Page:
March 26, 2016

This week in TV Guide: March 28, 1959

This week, a different way to decide what shows we look at - by looking at what other people looked at.

One of the sidebars in this week's issue includes the top 10 programs in the Fort Worth* metropolitan area for February, 1959 as measured by Telepulse research, a forerunner to (or competitor of, I'm not sure which is more accurate) of the Nielsen system. As you know, I put a lot of emphasis on looking at things in context, so let's put ourselves in context by looking at what each of these series is showing this week. Afterword, we'll discuss.

*I'm not sure if this includes Dallas, or if Fort Worth was measured as its own metropolitan area. I could probably find out, but would it really be worth it to you?

1. Gunsmoke (CBS) 
Saturday, 9:00pm CT
39.2 percent of all televisions tuned in 
Preempted this week for DuPont Show of the Month.

2. Maverick (ABC)  
Sunday, 6:30pm 
32.8
Peggy King sings and acts in "Strange Journey of Jenny Hill." Singer Jenny Hill combines a concert tour with a search for her outlaw husband. Bret Maverick, too, is looking for Jenny's husband, but he finds it hard to concentrate on his mission when he falls in love with the songstress. Miss King sings "Sweet and Low," "Some Sunday Morning," "Too Much Love," and Comin' Through the Rye."

3. Death Valley Days (Syndicated, shown locally on Channel 4) 
Saturday, 9:30pm
32.3  
Also preempted this week for DuPont Show of the Month. 

4. The Real McCoys (ABC)  
Thursday, 7:30pm
31.3
"Batter Up." Grampa talks Luke into coaching a Little League baseball team and then proceeds to coach Luke.

5. The Life and Legend of Wyatt Earp (ABC)  
Tuesday, 7:30pm
30.3
"The Judas Goat." A deputy United States marshal from Kansas City contrives a scheme aimed at netting him a large reward.

6. Have Gun - Will Travel (CBS) 
Saturday, 8:30pm
28.5 
Preempted for - yes - that DuPont Show of the Month. Maybe this wasn't such a good idea after all.

7. (Tie) The Lawman (ABC)  
Sunday, 7:30pm
27.8
"The Gang." A cowboy travels a great distance to tell Marshal Dan Troop that the Hayes gang are headed for Laramie to exact revenge.

7. (Tie) The Adventures of Wild Bill Hickok (Syndicated, shown locally on Channel 11) 
Wednesday, 6:00pm
27.8 
"Dr. Pardner Rides Again." Wild Bill tries to stop a one-man crusade against an old horse. 

8. (Tie) The Rifleman (ABC) 
Tuesday, 8:00pm
26.8 
"The Wrong Way." Jay Jefferson, a gun-slinging lawman, arrives in North Fork in search of an outlaw. Marshal Torrance and Lucas McCain will have little to do with Jefferson, but Mark decides to help him find his man.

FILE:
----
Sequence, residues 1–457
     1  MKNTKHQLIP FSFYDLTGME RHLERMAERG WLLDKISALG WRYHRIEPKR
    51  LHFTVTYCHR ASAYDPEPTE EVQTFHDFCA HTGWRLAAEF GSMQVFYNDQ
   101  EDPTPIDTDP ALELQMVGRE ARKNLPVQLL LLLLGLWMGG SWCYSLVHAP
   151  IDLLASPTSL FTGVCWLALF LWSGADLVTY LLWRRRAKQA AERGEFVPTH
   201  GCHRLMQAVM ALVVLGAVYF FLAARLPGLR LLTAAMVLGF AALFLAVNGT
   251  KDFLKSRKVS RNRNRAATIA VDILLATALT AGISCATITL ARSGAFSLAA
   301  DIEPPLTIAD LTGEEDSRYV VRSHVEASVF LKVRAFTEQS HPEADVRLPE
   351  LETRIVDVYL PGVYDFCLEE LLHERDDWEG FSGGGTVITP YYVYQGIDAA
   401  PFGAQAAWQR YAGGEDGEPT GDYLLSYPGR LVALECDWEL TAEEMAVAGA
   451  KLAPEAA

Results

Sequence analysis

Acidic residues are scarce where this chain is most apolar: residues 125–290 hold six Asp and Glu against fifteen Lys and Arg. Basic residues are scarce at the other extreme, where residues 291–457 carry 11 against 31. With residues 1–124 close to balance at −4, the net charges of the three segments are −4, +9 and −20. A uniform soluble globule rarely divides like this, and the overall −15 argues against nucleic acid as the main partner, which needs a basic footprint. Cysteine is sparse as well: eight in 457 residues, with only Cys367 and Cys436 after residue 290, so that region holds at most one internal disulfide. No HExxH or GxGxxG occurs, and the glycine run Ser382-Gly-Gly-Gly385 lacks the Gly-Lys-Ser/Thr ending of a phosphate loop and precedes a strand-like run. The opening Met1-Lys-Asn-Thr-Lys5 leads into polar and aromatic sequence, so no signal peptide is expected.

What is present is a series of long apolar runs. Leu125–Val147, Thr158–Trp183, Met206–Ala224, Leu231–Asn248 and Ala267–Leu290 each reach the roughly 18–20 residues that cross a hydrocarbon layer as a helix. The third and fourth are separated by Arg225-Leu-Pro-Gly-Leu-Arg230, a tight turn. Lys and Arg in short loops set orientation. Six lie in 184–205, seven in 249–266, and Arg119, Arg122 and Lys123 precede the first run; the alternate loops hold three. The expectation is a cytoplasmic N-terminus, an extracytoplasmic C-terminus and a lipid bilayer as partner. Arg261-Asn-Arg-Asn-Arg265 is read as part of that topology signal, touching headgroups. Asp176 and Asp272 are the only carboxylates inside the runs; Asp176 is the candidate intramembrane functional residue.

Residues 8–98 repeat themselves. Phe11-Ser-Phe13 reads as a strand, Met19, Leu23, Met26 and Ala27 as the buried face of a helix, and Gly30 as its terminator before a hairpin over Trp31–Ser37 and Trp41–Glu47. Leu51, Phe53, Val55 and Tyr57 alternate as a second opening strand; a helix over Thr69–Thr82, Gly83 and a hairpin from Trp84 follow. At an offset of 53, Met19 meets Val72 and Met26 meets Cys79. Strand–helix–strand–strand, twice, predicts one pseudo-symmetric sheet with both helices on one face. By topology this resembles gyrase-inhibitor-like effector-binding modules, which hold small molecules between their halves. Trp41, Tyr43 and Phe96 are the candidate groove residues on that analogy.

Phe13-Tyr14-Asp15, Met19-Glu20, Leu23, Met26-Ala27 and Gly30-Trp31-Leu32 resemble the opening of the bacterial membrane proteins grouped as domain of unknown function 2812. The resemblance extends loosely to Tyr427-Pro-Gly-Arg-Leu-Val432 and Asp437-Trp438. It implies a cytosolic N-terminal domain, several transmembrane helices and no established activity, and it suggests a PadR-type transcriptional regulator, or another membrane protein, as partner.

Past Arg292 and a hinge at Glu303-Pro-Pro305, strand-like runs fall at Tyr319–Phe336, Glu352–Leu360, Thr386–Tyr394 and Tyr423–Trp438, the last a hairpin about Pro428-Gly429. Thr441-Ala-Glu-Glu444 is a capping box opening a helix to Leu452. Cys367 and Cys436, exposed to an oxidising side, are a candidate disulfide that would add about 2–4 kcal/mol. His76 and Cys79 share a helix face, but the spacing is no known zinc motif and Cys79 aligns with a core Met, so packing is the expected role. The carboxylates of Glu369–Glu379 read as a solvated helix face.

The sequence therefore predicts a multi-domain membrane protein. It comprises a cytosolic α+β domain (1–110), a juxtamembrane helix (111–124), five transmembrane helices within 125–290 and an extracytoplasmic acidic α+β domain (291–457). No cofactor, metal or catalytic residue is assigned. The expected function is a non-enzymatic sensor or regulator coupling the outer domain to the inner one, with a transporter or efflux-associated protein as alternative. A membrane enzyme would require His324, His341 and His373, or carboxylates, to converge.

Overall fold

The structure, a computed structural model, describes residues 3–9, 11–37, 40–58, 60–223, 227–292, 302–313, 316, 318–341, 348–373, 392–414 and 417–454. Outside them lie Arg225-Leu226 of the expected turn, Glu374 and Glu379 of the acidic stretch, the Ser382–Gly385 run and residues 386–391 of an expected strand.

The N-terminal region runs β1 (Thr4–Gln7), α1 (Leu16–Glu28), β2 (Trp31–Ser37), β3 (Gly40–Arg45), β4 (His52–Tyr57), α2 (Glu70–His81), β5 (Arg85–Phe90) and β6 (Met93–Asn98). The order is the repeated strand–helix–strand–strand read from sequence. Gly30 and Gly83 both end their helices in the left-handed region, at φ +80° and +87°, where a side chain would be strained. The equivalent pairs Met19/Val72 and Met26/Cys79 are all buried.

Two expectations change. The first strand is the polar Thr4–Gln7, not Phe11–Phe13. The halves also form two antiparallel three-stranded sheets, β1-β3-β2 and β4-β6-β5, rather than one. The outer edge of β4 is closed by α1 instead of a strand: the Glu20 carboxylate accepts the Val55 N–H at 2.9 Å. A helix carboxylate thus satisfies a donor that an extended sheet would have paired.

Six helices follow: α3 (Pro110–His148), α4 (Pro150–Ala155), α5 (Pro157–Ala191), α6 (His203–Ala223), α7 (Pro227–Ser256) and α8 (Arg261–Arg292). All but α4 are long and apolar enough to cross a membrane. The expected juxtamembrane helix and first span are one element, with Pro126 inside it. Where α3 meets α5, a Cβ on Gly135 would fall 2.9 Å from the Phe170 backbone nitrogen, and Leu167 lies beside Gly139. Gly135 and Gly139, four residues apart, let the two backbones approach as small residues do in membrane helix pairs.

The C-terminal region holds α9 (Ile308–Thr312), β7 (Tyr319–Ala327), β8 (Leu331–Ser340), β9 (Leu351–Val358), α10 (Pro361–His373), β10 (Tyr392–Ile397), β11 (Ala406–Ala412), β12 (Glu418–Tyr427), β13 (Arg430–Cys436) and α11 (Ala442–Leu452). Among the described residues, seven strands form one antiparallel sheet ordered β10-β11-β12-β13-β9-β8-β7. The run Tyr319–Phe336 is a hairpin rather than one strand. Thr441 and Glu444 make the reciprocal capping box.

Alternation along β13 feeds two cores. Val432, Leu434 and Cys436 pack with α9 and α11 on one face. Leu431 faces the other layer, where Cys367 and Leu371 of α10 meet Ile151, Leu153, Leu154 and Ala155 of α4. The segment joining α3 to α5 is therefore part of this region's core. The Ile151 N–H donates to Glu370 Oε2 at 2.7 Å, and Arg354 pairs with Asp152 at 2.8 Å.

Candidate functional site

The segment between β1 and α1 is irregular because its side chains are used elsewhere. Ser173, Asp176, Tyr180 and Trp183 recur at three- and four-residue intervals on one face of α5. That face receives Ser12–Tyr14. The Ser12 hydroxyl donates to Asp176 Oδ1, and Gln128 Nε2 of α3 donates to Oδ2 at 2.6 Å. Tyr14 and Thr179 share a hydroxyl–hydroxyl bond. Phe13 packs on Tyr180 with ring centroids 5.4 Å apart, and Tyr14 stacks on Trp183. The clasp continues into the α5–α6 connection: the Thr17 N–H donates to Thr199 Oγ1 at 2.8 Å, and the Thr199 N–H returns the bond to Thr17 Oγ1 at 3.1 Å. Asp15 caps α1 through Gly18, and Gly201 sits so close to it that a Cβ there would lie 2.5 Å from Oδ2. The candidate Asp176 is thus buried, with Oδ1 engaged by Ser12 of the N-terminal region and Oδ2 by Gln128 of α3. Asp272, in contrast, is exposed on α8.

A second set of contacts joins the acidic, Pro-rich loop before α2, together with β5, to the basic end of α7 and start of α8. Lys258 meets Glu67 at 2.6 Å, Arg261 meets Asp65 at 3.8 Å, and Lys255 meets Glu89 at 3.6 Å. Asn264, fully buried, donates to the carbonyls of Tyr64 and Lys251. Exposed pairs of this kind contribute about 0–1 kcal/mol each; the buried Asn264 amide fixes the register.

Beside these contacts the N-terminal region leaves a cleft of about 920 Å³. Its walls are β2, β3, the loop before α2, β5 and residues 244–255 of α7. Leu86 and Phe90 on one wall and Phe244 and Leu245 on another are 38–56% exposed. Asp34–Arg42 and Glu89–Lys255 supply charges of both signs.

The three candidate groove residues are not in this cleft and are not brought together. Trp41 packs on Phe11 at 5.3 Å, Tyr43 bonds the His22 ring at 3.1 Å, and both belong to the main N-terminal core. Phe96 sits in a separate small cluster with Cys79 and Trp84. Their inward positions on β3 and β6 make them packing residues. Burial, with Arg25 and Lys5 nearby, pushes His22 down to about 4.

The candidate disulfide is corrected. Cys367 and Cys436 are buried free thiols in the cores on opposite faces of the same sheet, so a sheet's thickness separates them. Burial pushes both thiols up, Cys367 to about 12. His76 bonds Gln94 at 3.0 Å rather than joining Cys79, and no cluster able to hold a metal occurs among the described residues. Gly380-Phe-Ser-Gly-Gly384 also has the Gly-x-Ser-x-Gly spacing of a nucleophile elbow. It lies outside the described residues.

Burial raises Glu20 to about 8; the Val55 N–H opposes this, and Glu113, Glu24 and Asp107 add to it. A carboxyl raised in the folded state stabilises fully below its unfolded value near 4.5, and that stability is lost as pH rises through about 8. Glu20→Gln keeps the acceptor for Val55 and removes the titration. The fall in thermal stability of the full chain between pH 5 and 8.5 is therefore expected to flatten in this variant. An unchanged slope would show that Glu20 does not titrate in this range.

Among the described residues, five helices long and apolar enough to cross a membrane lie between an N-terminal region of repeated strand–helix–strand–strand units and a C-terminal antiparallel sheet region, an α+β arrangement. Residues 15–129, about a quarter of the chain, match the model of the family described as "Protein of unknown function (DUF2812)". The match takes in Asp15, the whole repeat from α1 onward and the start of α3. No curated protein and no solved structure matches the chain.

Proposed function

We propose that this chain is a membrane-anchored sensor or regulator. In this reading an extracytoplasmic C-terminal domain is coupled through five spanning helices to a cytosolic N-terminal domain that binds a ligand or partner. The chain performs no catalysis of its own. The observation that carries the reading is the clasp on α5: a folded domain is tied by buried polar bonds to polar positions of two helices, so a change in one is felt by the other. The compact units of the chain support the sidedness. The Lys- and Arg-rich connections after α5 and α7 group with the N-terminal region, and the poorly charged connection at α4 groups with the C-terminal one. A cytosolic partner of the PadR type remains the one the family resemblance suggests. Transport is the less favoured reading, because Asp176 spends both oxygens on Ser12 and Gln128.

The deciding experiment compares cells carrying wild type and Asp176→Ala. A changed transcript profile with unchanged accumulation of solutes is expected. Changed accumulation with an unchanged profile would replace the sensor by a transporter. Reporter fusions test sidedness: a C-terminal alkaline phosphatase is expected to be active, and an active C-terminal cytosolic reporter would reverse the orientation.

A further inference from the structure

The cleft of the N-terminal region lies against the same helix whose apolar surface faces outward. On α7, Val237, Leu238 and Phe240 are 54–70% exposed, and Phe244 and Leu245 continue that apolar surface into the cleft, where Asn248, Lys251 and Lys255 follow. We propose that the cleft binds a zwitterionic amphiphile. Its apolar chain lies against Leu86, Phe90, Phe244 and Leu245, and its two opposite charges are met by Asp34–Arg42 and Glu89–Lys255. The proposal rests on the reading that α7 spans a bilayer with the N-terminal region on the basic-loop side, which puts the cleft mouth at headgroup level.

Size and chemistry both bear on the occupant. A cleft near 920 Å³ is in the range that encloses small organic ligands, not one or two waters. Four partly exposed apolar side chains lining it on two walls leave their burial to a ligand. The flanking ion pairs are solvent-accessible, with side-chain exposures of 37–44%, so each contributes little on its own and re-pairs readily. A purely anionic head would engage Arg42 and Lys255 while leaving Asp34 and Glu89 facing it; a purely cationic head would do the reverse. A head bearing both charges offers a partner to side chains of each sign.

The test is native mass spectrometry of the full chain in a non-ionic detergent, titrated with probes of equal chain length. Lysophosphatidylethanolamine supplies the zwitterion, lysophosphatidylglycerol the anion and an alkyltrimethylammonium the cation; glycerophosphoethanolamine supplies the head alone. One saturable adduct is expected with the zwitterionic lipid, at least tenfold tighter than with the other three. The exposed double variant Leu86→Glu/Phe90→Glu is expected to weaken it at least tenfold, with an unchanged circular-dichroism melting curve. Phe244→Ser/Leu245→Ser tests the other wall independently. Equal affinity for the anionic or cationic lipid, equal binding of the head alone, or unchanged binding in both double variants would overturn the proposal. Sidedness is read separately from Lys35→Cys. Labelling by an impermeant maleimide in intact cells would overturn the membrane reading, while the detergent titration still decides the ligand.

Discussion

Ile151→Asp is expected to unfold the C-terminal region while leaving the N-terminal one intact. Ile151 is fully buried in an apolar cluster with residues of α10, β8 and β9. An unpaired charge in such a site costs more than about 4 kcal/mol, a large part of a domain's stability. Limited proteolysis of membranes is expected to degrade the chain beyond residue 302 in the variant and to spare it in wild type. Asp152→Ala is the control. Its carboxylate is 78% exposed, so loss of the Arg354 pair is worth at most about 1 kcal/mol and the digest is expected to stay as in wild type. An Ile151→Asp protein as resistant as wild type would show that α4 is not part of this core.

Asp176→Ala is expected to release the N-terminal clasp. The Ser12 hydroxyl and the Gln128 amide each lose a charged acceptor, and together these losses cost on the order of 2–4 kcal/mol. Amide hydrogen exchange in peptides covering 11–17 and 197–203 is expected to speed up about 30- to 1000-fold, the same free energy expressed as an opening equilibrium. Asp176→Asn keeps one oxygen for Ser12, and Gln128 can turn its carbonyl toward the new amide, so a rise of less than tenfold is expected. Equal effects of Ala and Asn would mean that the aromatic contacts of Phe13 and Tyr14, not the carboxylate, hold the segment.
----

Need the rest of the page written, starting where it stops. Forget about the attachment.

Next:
8. (Tie) Wagon Train (NBC) 
Wednesday, 6:30pm
26.8 
"The Matthew Lowry Story." Matthew Lowry, a Quaker who has only one arm, is constantly ridiculed by Jed Otis. Because of Matthew's pacifist beliefs, he is suspected of cowardice by his young brother.

9. The Perry Como Show (NBC)  
Saturday, 7:00pm
26.5
Perry welcomes songstress Dorothy Collins and young pianist Lorin Hollander. Dancing Waters, a fountain display which changes shape and color as music is played, is spotlighted.

10. The Restless Gun (NBC)  
Monday, 7:00pm
26.3
"Incident at Bluefield." Vint Bonner rides into the town of Bluefield and finds that his best friend has been shot to death.

Interesting, no? One of the things you probably noticed right away is how Westerns dominate the ratings. Comparing this list to the national top ten indicates that while Westerns are extremely popular nationally, (eight of the top ten are either outright oaters or rural comedies), there is a predisposition down here in Western country to like them. Neither The Lawman or The Restless Gun make the top twenty nationally, but they're both at the top of the local ratings. Additionally, we have two syndicated Westerns that make the top ten locally: Death Valley Days and Wild Bill Hickok. I think this speaks not just to the popularity of Westerns in general, but to the strength of local stations. No wonder they preempt network programming on such a frequent basis.

The program descriptions tend to be more comprehensive as well. Most of them include the episode title (with some of the more prestigious dramas, the author's name is given as well). A source of minor irritation: the complete name of the main character is also given, i.e. The Restless Gun's "Vint Bonner," Maverick's "Bret Maverick." This just sounds awkward - if you care enough about the show to watch it, don't you think you know who you're watching?

As far as the subject matter, most of the Westerns deal with either outlaws or the pursuit of justice (which can be two different things). It's not surprising, considering that most Westerns are essentially morality plays, and this leads to another interesting note about the rise and fall of the Western. In his book Glued to the Set, Steven A. Stark notes that the coming of "relevant" television led to the erosion and eventual end of the Western era; when "law and order" shows made a comeback during the tumult of the late '60s and early '70s, one might have expected the Western to return as well, but they'd been out of sight just long enough for the police drama (often led by a lone wolf cop) to take their place.

You probably wouldn't be surprised to learn that Gunsmoke, the top show in Fort Worth, was the leading national program as well, Altogether, seven of the programs in the Fort Worth list made the top ten nationally as well. It would appear that Texas was well in step with the rest of America.

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Sunday is Easter, and in addition to the plethora of religious programming throughout the day, there's an interesting article on the importance of such programs to the television schedule. It carries the un-ironic subhead, "Easter season emphasizes the contribution of religious programs," and talks with the directors of religious programming* for NBC and CBS.

*I wonder if any network today has executives with these titles.

At CBS, the long-running Sunday morning programs are Lamp unto My Feet and Look Up and Live. Both are interdenominational; Look Up and Live is, according to director Pamela Ilott, "not necessarily a religious show." "'It's just the best show we can produce utilizing the arts to project a religious idea. Call it God-centered thinking, or preparation for religious ideas. We're basically evangelistic." Lamp unto My Feet divides its programs between those produced in coordination with the National Council of Churches (Protestant), the National Council of Catholic Men, and the New York Board of Rabbis (Jewish), and aims, in the case of the Protestant shows, "at what the program's youthful producer Jack Kuney calls 'the unchurched youth,' featuring jazz artists such as Lionel Hampton and Dave Brubeck.